Dole hasn’t given up on U.N. disability treaty

dolemugCharacteristically, former Kansas Sen. Bob Dole didn’t give up after the U.S. Senate’s failure to ratify the United Nations treaty on disability rights in December 2012, when Dole visited the Senate floor in a wheelchair yet even fellow Kansans Pat Roberts and Jerry Moran voted “no.” When visiting Salina Tuesday, Dole told Kansas Public Radio that he and the White House are “working on some additional language” to allay some Republicans’ fears that the treaty could be a threat to the rights of homeschooling families. “When we get it all complete I’ll take it to Pat Roberts and Jerry Moran and try to get their support,” he said, suggesting it is two votes short of the necessary 67 and that another Senate vote could come July 21. That would be the day before Dole’s 91st birthday.

Roberts challenge showed problem with Kobach’s PAC

yardsign2Now that Milton Wolf, the tea party challenger to Sen. Pat Roberts, R-Kan., has failed to convince the State Objections Board to oust the three-term senator from the GOP primary ballot on residency grounds, it will be up to Republican voters to decide between the candidates on their merits. That’s appropriate, and voters can hope that the campaign can shift from mudslinging to issues and experience. But Monday’s proceeding before the board, whose three office-holding members all recused themselves after having endorsed Roberts, did offer a fresh demonstration of why it’s inappropriate for Secretary of State Kris Kobach, one of the board members, to maintain his Prairie Fire political action committee and otherwise aggressively engage in politicking. As state Rep. Tom Sawyer, D-Wichita, unsuccessfully argued during the recent session in offering a House amendment to nix Kobach’s PAC: “It’s very important elections are fair. The person who is the chief election officer of the state should not have a PAC.”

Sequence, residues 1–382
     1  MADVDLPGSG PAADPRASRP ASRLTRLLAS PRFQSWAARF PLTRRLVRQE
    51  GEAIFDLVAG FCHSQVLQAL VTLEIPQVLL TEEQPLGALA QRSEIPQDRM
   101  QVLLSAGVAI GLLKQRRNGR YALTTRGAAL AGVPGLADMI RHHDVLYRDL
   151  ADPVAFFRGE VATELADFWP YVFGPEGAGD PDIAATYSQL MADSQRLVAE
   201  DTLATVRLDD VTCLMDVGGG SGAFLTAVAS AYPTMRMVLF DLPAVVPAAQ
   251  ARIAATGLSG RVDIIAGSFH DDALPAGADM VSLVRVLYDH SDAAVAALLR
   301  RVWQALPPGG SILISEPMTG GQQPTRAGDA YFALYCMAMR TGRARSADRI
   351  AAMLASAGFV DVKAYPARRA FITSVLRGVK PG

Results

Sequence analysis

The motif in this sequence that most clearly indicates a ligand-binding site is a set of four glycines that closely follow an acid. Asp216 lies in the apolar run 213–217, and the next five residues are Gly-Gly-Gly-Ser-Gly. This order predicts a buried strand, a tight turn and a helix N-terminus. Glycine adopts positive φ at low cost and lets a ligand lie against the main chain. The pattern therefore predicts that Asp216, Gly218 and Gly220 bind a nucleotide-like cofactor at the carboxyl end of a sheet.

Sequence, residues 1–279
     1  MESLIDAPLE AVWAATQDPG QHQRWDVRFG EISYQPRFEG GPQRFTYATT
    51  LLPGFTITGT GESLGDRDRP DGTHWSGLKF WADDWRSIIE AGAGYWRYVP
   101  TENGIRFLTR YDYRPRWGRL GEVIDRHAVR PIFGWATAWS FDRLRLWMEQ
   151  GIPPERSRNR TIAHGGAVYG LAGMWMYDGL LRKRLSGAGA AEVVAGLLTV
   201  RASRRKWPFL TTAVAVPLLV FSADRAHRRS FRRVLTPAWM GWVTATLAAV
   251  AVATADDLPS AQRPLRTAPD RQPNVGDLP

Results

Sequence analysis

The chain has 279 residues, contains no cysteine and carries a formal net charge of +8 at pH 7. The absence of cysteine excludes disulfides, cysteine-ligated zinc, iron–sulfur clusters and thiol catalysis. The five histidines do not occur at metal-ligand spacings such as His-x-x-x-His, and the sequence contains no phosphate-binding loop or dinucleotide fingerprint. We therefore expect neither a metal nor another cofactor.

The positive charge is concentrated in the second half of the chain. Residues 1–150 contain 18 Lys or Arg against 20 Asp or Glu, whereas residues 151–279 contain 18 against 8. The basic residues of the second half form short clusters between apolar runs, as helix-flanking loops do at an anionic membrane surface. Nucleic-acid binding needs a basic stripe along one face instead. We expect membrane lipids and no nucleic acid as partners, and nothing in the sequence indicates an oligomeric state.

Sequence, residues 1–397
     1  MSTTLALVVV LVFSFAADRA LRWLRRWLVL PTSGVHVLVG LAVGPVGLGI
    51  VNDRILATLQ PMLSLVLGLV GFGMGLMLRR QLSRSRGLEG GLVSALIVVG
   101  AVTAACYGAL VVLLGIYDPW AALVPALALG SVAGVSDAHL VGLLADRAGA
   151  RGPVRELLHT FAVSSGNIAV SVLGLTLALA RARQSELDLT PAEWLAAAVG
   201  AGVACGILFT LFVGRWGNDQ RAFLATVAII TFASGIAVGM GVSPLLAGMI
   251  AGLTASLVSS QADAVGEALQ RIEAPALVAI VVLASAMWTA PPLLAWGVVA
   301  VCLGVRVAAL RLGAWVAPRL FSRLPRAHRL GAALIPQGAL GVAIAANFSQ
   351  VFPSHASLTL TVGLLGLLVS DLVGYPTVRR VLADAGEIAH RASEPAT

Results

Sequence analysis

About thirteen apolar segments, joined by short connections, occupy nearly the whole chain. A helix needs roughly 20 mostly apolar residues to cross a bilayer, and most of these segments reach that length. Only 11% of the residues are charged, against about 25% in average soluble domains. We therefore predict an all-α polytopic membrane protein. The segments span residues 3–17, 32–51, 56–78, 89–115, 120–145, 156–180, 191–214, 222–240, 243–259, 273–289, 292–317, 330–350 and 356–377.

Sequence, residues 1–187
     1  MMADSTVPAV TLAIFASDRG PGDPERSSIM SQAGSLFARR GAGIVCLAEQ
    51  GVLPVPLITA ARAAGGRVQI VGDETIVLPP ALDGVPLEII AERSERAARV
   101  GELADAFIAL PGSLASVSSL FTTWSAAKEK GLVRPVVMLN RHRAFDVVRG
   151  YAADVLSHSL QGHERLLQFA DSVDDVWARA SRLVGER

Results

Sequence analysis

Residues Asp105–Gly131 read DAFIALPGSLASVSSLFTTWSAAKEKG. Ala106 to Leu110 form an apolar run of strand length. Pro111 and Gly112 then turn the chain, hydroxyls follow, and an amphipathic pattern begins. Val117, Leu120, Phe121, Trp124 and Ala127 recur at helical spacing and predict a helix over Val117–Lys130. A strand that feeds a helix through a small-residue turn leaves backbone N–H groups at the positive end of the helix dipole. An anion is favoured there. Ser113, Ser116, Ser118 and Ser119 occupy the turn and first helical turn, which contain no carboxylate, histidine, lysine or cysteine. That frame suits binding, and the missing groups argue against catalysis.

Jenkins received special treatment on CPA title

jenkins,lynnThe Kansas Board of Accountancy shouldn’t have given U.S. Rep. Lynn Jenkins, R-Topeka, special treatment in allowing her to continue to call herself a certified public accountant even though her license expired in 2012. The CPA title is supposed to be used only when a license is active, but the board decided that Jenkins could continue to use the title, provided she doesn’t perform any services for the public as a CPA. Dan Sweetwood, executive director of the Nebraska Board of Public Accountancy, criticized the Kansas board for seeming to be influenced by Jenkins’ political office. “She’s misleading the public,” he told the Topeka Capital-Journal. “It’s politically sensitive, but so what?”

Roberts shouldn’t overstate his status as a Kansas resident

robertsleftNational political observers have taken this week’s defeats for tea party challengers in North Carolina and Ohio as more good news for senators such as Pat Roberts, who faces a similar GOP insurgent in the August primary. Leawood radiologist Milton Wolf’s latest fight to oust Roberts from the ballot over his residency seems particularly desperate, considering the senator’s high profile at events around the state and enduring support in Kansas. Still, Roberts shouldn’t overstate his status as a Kansas resident, given the recent confirmation that he owns a home in Virginia, his voter registration is at a Dodge City donor’s house and that he rents out the Dodge City duplex he owns. It’s one thing to expect Kansans to accept that, as he recently said, “I’m a fourth-generation Kansan. Your home is where your heart is, and my heart is in Kansas.” It’s another thing to claim, as he also said, “I live in Dodge City.”